Of course, you can spend the night in the jjimjil bang there as well. It’ll cost you 20,000 ish to stay the night (not entirely sure about the price).

It would behoove you to book in advance. To do this, you can call +82-63-320-7830. The first time I called, the operator didn’t speak much English (again, the name spelling thing). The second time I called, the operator’s English was great. They’ll send you a confirmation by text or by email if you prefer.

muju ski resort lift to the topSKIING
Like I said before, if you stay at the resort, you get a nice discount on your lift ticket and equipment rental (You can also rent coats and snow pants if you need to). You also get a nice discount if you pay with your KB or Shinhan card (which of course I didn’t have). There’s also a Gondola that you can ride to the very top of the peak. You don’t have to be on skis to do this.

There is morning skiing (9-12:30), afternoon skiing (12:30-4:30), and evening skiing (6:30-10). I think there’s also early morning and late night skiing as well, but maybe that’s only available on weekends? All the info for pricing and a map of the runs is on the website (see below).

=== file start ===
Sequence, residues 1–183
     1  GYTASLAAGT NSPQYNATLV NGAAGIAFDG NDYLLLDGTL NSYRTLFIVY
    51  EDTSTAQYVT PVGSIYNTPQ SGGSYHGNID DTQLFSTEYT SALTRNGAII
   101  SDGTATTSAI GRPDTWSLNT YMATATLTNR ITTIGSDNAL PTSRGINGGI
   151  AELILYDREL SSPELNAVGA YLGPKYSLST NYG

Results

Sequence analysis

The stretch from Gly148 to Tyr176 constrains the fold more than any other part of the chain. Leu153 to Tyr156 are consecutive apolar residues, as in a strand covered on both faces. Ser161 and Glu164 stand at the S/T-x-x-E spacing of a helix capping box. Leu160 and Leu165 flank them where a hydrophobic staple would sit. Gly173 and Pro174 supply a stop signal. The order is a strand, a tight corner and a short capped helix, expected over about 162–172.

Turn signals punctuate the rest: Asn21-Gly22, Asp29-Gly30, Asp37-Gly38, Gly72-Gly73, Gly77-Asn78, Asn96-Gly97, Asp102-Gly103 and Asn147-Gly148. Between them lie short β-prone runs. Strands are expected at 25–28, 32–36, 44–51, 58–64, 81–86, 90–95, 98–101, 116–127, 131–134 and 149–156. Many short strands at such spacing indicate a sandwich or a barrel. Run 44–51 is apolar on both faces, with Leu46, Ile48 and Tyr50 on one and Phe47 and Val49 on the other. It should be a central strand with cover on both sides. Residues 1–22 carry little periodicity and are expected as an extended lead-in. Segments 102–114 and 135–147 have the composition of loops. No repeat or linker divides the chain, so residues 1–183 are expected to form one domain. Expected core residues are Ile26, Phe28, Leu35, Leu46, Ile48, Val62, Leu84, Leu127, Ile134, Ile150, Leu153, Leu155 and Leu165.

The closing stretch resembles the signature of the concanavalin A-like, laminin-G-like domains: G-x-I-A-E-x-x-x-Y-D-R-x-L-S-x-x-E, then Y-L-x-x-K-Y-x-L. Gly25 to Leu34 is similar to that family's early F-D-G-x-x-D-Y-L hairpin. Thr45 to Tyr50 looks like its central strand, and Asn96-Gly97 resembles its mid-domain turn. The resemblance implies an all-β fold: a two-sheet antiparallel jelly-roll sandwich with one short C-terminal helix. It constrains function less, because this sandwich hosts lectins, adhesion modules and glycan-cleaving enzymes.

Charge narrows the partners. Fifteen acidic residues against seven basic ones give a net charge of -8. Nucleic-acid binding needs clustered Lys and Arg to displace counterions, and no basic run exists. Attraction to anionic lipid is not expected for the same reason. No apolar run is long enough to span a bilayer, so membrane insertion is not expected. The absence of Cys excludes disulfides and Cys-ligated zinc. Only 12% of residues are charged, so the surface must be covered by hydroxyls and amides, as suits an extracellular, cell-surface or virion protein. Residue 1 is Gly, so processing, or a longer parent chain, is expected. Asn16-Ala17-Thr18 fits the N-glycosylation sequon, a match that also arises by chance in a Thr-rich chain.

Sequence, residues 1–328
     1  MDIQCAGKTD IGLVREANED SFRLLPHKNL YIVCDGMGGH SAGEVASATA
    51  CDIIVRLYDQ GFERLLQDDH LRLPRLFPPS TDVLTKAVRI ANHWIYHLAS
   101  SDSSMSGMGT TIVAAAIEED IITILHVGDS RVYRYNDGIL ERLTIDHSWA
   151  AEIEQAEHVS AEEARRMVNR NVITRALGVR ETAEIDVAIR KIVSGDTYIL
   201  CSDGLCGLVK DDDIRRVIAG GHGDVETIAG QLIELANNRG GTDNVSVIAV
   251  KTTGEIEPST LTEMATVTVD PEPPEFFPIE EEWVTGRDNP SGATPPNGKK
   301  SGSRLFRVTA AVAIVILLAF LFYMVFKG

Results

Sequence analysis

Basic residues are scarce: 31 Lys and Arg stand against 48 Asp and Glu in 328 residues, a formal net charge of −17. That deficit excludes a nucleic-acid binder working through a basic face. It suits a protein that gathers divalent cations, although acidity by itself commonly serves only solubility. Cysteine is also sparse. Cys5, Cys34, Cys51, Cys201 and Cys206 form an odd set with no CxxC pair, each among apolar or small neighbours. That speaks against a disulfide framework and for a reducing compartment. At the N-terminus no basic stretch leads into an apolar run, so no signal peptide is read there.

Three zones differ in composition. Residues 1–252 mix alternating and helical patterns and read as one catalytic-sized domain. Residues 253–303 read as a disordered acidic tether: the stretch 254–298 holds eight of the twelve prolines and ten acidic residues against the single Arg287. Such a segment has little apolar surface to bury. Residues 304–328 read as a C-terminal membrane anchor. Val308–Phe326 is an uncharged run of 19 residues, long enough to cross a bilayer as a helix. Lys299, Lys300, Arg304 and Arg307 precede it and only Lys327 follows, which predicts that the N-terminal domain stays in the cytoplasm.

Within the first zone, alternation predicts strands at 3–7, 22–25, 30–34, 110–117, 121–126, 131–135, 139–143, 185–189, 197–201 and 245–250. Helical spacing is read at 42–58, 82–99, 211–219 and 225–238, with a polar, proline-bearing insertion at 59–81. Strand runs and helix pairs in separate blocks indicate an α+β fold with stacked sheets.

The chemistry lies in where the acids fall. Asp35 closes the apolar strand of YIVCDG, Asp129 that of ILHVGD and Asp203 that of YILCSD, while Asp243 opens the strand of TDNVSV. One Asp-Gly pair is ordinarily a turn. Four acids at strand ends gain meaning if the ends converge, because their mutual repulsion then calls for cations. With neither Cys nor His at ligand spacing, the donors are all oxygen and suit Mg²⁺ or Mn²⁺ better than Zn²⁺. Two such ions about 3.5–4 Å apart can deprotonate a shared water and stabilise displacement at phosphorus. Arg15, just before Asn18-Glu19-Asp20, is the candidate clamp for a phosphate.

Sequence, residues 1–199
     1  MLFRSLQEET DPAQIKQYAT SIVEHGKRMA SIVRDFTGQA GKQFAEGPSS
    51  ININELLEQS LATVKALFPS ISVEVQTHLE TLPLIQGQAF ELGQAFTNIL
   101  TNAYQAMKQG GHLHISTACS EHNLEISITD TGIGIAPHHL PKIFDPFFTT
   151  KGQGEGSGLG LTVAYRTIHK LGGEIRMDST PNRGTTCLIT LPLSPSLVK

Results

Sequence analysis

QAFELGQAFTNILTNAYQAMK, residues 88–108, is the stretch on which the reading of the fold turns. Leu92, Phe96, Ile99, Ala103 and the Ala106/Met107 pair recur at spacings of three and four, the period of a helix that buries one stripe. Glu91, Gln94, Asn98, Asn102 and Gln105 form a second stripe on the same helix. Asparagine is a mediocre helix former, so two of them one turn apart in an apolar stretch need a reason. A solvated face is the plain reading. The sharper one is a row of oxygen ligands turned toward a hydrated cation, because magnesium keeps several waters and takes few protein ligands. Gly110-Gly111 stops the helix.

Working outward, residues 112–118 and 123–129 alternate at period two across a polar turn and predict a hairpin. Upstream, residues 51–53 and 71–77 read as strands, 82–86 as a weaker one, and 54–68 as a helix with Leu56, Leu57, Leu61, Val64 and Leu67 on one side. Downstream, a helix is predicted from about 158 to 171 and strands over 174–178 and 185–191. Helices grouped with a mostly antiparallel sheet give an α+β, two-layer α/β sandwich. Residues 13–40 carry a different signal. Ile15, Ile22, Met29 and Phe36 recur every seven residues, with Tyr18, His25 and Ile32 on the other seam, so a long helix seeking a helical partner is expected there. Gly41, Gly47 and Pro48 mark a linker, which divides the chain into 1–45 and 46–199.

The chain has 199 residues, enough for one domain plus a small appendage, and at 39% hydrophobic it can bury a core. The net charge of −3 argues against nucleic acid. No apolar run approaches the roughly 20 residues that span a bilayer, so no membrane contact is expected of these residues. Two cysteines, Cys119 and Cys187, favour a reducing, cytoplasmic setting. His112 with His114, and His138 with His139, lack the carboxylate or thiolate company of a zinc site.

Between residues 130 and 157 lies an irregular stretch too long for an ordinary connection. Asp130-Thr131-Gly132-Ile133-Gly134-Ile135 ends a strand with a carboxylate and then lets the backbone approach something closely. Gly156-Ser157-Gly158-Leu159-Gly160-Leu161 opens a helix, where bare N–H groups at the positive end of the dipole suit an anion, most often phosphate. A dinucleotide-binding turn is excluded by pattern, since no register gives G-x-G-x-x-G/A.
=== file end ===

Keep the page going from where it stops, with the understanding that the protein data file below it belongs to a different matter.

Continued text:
There are lockers there (1,000 won), as well as bigger ones for large backpacks. If you can’t get a big locker, the people at the equipment rental will hold onto it for you. The lockers only take 500 won coins. You can change your money at the coats/snow pants counter.

If skiing’s not your thing, you can always drink beer on the benches outside and watch the beginners crash into everyone at the bottom of the hill. For non-imbibing fun, you can always ride the gondola to the top of the mountain and walk around as well. There’s a cafeteria up there, and also a cool pagoda/temple-type thing that affords some nice views. On the bottom of the hill, between the two bases, there’s also a sled hill, snowmobile rides (you don’t get to drive), and a small amusement park with some pretty basic mini-golf as well.

The best thing to do once you finish skiing is go to the pool/spa. It’s in the second group of family hotels on the left, near the Mansun base. The hot pool is outside, which is awesome. There’s also a cooler pool (but still warm enough to bear) for swimming. Very nice. It’s about 12,000 a person.

Like any good Korean village, there’s a jjimjil bang attached to the Tom & Toms Coffee at the Mansun base. It’s 15,000 won (12,000 if you use a KB/Shinhan card). You can spend the night there too for a little more. The baths are way small (three small pools (one is a freezing one that nobody goes in) and not enough showers. The heated rooms are pretty nice, though.

In terms of other amenities, there’s a little shopping area with a few (expensive) restaurants, cafe, norrae bang (karaoke), hofs, a small grocery store, and of course, plenty of expensive outfitters where you can buy goggles or hats with Mlickey Mlouse on them or one of Mlickey’s other zany friends.

For Muju’s website, go here.
For a detailed map of the runs (ha! runs), go here.